Next, head to Florence Falls and take the short walk to view the spectacular double waterfall. If it’s busy, leave your car in the same car park and make the short walk to Buley Rockhole to take a dip in the tiered pools.

After a refreshing swim, continue on to Tolmer Falls for more stunning views.

One of the most popular spots in Litchfield National Park is Wangi Falls. The waters here are deliciously refreshing, and you can swim across the swimming hole to the two waterfalls. It feels like you’re in a movie set. There’s also a huge, grassy area by the natural pool that’s perfect for a picnic.

Where to stay in Litchfield National Park

There are several camping areas right within Litchfield National Park. Popular spots include Florence Falls Campground and Wangi Falls Campground – you’ll need to book online in advance to get a spot.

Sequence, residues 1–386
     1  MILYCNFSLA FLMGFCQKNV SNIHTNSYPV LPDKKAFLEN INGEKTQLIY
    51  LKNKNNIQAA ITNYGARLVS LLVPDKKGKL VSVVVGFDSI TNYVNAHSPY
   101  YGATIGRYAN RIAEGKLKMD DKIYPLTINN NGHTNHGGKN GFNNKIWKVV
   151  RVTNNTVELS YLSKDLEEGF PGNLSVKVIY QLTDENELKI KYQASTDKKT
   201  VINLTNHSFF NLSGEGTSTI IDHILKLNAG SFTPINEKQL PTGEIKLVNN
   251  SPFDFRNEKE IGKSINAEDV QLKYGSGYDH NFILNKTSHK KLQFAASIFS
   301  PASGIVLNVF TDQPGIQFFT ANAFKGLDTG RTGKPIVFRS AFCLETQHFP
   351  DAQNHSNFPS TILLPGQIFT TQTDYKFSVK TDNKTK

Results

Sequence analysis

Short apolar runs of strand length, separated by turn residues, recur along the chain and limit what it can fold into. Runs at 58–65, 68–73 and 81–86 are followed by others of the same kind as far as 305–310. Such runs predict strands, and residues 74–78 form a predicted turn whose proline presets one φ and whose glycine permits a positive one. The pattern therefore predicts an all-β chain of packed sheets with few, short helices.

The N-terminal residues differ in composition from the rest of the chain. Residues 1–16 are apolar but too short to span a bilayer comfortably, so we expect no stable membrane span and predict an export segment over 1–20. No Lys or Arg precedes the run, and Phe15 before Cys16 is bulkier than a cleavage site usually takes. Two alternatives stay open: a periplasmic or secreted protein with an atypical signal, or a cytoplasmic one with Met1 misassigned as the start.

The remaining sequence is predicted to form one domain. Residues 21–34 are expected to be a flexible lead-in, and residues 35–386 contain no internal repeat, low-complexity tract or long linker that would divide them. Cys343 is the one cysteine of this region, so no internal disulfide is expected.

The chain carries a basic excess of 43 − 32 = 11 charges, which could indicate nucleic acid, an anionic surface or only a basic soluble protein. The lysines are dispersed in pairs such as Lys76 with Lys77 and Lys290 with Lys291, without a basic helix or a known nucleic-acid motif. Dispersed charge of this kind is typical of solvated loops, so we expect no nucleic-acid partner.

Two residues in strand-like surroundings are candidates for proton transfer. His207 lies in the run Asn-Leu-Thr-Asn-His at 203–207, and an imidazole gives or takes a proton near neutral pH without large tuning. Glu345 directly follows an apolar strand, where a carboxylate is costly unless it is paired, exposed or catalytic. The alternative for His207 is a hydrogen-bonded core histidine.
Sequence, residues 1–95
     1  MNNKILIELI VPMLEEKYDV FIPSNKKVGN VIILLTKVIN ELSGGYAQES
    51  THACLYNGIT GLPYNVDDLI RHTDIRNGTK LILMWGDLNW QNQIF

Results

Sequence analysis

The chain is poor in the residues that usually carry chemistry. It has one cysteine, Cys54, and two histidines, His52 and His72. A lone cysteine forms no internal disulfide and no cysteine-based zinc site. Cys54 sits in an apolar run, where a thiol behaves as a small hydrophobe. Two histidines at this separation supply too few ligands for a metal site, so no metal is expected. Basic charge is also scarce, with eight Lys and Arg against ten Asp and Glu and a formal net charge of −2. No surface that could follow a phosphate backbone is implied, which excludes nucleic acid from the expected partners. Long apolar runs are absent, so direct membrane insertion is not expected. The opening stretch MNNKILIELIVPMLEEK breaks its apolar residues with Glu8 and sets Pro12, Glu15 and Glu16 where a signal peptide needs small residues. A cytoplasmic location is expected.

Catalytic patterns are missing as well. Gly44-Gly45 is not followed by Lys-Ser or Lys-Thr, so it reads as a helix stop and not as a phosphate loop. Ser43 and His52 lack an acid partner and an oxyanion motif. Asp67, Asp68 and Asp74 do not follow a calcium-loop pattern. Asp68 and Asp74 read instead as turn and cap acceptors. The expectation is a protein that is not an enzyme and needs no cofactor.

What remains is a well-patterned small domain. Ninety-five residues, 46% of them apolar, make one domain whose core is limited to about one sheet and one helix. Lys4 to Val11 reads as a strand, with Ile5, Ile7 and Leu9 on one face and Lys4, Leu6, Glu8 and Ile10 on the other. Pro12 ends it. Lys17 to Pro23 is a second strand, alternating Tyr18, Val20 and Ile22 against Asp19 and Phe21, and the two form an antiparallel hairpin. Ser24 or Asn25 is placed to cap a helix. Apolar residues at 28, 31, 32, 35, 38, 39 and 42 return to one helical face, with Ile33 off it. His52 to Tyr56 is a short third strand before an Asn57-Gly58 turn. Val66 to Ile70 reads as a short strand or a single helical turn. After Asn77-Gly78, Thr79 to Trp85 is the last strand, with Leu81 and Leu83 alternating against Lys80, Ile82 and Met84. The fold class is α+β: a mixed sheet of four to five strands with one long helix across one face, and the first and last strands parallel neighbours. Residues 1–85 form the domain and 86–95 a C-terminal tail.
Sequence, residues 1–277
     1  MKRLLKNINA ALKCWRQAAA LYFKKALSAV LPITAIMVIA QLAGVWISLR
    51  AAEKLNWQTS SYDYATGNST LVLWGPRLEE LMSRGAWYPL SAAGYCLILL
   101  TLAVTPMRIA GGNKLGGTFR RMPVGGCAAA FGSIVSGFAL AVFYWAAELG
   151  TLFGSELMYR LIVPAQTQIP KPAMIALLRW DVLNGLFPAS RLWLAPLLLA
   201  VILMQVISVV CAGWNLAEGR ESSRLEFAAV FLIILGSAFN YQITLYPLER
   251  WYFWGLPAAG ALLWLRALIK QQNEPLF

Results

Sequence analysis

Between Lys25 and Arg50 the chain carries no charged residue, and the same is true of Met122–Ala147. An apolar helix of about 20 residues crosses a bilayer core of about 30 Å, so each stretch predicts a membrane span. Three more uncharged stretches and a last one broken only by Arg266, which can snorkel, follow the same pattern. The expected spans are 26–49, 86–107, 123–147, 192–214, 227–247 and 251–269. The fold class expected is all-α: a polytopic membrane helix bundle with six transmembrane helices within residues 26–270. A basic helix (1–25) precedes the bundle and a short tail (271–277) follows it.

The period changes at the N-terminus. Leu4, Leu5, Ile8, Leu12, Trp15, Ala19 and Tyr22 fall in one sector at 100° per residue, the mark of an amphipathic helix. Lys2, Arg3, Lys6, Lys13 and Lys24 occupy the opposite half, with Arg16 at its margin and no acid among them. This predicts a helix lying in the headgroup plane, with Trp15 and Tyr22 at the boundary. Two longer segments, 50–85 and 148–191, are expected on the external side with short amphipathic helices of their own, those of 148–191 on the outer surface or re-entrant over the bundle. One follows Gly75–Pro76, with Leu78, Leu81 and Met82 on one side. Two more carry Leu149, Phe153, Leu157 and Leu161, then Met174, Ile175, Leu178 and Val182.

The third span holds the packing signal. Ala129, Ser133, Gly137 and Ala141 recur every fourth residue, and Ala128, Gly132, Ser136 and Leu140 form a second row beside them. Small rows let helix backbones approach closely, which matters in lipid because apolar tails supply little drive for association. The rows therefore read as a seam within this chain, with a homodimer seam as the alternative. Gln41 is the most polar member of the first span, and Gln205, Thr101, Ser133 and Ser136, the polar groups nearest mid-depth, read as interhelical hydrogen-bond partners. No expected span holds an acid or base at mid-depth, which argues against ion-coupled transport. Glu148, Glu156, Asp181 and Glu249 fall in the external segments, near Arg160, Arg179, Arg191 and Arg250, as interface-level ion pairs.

For glamping, Litchfield Safari Camp is in a great location on the western side of the park, about a 10-minute drive from Wangi Falls – so you can be up early to get there before everyone else! Hideaway Litchfield has luxury cabins built from shipping containers, each named after a place in Litchfield.

There are also several caravan parks. We stayed at Litchfield Tourist Park, which has cabins and caravan/campsites. The caravan sites are generously sized and shaded. There are also cabins and even a 3-bedroom homestead for those travelling in a group. There’s a pool and cafe on site. It’s about a 45-minute drive to Wangi Falls from here. Check rates and availability online

Day 10: Back to Darwin

The drive from Litchfield to Darwin is a short 106km (1 hour 15 mins), so feel free to sleep in and take a leisurely drive back. Or get up early to beat the crowds for a final swim in your favourite Litchfield swimming hole.